He starred in the 1990 smash “Cry-Baby” — but Johnny Depp’s die-hard supporters are accusing his ex-wife Amber Heard of being the one acting out an exaggerated emotional display.
Depp’s fans have been flooding social media, accusing Heard of being a “bad actress” and “fake crying” following her testimony at their blockbuster defamation trial this week.
Heard, 36, spent two days detailing Depp’s alleged abuse, saying her former spouse, 58, slapped her across the face and conducted a “cavity search,” reportedly believing she had hidden his cocaine in her vagina.
The “Aquaman” actress was often emotional as she answered questions about her turbulent marriage. Many viewers watching the televised trial became convinced of her authenticity, and #IStandWithAmberHeard started trending on Twitter Thursday afternoon.
But Depp supporters have slammed the starlet on Twitter and TikTok, claiming she was faking her testimony because she failed to produce a single tear.
Heard’s representative told The Post he was unable to comment directly on the social media smears.
“OMG I’m DYING. Amber Heard is the worst actor EVER,” popular producer Andy Signore tweeted out to his 45,700 followers. “This fake incoherent PERFORMANCE is sickening… All over the place, too many details, fake sighs, forced tears and looks to the jury.. This is an EMBARASSMENT to survivors everywhere.”
“I watched a little of the Amber Heard testimony today. How does someone cry without tears? Is it a medical condition? Whenever I cry or see someone else crying, it’s a real mess that requires multiple tissues if not a small mop,” poet Joseph Massey posted.
Another accused Heard of putting on “the performance of her life.”
Meanwhile, on TikTok, videos accusing Heard of faking her “cringe” testimony have racked up millions of likes. Videos with the hashtag #JusticeForJohnny have been viewed a staggering 8.3 billion times.
One viral video, which shows Heard breaking down on the stand, was accompanied by a voiceover of Kim Kardashian, saying: “Ew, this is so cringe. Guilty.” It garnered more than 5.2 million likes.
Elsewhere, aspiring actress Meredith Bull created a clip that clocked more than 201,200 likes, saying she was skeptical of Heard’s testimony as a fellow thespian.
“What I saw today was massive performance to the jury,” Bull declared, adding that she felt Heard was trying to make eye contact with each juror.
“I don’t know about you, but anytime that I recall trauma I am not trying to see if every person is trying to make eye contact with me,” she continued. “If anything, I’m probably shying away from eye contact because it’s such a vulnerable, personal moment, especially [with] what she was talking about which was abuse and domestic violence and all sorts of crazy stuff.”
However, one body language expert doesn’t necessarily agree with Bull’s take, saying Heard would likely be avoiding eye contact if she was faking her testimony. The expert also alleged that the fact the actress apparently did not always produce tears does not imply dishonesty.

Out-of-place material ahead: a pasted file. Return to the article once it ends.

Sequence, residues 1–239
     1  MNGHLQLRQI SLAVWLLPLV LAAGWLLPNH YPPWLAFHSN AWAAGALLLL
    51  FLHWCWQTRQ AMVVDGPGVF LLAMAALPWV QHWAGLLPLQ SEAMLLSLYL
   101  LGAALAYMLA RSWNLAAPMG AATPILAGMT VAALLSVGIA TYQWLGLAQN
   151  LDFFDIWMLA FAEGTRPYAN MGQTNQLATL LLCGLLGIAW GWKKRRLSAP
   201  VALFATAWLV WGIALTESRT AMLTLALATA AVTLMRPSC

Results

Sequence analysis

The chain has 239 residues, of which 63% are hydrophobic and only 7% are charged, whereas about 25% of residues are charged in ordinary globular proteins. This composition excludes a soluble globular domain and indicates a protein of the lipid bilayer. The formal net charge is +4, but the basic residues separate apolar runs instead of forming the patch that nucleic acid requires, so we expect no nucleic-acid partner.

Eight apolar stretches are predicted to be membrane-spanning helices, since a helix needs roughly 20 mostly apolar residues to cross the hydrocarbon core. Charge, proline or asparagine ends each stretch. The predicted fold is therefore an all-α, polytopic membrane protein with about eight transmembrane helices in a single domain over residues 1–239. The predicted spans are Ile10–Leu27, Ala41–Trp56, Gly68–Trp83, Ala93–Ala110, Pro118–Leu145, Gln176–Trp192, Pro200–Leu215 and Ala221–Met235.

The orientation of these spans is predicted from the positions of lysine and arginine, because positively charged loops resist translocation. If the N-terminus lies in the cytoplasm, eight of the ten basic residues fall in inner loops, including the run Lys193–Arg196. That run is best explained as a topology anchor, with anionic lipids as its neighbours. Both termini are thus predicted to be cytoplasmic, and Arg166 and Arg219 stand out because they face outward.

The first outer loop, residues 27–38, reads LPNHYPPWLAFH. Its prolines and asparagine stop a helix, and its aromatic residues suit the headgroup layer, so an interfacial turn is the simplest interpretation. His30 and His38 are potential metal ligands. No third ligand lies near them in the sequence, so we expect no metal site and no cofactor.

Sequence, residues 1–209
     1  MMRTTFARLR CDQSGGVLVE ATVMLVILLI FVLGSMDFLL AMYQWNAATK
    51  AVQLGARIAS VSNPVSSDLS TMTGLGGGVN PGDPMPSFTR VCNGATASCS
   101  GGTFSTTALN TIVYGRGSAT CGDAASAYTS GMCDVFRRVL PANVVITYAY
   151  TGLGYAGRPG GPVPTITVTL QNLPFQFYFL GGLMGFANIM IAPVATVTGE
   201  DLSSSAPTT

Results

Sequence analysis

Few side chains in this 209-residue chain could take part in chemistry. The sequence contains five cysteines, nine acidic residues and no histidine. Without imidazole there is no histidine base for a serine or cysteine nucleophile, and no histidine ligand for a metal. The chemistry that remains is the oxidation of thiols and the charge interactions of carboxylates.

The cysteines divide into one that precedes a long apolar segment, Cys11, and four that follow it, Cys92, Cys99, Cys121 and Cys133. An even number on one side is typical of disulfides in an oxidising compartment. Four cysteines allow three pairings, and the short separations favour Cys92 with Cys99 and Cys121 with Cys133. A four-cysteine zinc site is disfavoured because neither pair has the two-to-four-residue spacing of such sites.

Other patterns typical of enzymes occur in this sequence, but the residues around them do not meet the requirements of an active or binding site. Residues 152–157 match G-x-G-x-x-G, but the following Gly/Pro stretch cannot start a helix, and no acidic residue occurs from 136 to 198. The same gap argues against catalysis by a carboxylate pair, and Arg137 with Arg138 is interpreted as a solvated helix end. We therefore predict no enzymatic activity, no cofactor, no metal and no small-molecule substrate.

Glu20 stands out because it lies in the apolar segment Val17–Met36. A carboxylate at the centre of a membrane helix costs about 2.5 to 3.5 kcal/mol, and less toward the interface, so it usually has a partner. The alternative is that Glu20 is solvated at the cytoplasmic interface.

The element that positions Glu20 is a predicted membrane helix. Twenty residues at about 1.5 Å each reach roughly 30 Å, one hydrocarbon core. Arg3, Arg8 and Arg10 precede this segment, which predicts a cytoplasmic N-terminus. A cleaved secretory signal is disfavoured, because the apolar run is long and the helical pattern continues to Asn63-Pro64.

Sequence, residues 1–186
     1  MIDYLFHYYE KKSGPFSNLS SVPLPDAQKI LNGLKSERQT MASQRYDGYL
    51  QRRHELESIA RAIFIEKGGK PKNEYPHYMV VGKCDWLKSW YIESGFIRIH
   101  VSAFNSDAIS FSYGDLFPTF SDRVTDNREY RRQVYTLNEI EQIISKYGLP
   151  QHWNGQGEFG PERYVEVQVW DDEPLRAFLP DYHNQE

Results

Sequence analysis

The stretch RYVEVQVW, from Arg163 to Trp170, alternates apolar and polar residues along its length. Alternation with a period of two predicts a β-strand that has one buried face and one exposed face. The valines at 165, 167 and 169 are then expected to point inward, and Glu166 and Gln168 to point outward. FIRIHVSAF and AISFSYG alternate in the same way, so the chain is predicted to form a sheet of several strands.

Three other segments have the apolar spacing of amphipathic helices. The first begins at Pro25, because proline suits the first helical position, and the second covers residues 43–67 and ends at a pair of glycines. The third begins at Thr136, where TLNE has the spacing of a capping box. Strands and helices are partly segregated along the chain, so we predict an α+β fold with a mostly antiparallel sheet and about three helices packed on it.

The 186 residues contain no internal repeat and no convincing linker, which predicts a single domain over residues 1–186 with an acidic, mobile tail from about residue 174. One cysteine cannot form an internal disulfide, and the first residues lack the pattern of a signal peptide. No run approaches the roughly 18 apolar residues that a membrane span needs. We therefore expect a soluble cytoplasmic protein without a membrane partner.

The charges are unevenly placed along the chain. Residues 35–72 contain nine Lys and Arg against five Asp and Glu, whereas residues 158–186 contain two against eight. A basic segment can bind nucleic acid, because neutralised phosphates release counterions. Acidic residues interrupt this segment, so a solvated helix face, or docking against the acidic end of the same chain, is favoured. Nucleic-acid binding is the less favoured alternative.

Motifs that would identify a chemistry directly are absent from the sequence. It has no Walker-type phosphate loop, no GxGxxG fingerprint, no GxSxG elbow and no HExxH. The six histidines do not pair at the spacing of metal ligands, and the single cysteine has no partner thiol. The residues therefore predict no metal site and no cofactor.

“The cameras made it hard to pick out if they [tears] had formed in her eyes or if her eyes had reddened. This, like everything, is a complicated point,” expert Judi James told the Daily Mail.
“When guilty people perform tears they often try to hide their dry eyes, poking them with fingers, squeezing them shut tight or prodding them with a handkerchief,” James continued. “When they do cry for real the streaming tears are often prompted by self-pity. Amber’s seemed to be truncated, but is that acting or bad acting or the innocent complex response of someone with mixed emotions?”
The body language expert added that Heard’s eye contact with the jury could actually be a sign of her transparency and authenticity.
“The jury also get to see her eyes and eyes tend to be considered one of the most revealing body parts in terms of inner feelings and emotions,” James stated.
“We tend to trust people more when we can see their eye expression so this gesture could suggest she has nothing to hide,” she went on. “It is, of course, in visual contrast to her ex-husband at the same time, who sits hunched with his eyes hidden by tinted glasses, gazing down and writing or just communicating with his team.”
Meanwhile, both Depp and Heard’s reps fired off at each other in statements released on Friday.
“As Mr. Depp’s counsel correctly predicted in their opening statements last month, Ms. Heard did indeed deliver ‘the performance of her life’ in her direct examination,” a spokesperson for Depp said. “His truth — the truth — is the same no matter the environment in which it has been presented.”
Meanwhile, Heard’s rep responded directly, stating: “As evidenced by the statement just released, Mr. Depp’s defamation claim is falling apart so rapidly that his counsel are turning from prosecutor to persecutor.”
“They boast that Mr. Depp’s story has not changed,” they witheringly continued. “If so, since he lost the domestic violence restraining order and he resoundingly lost the libel case in the UK, perhaps he should consider a new strategy rather than the recycled approach of attacking the victim and refusing to take responsibility for his own conduct.”
Depp is suing Heard for defamation over a 2018 Washington Post op-ed that the “Aquaman” star wrote, in which she said she was a victim of sexual violence.
She did not specifically name Depp in the article, but it was written after Heard filed for a restraining order against her ex-husband in 2016 over abuse allegations.
Depp is seeking $50 million in damages. Heard has filed a $100 million countersuit.
Depp and Heard began dating in 2012 and were married in February 2015. They split in 2017.
The trial is currently on break until May 16, upon which date Heard will be cross-examined by Depp’s team.
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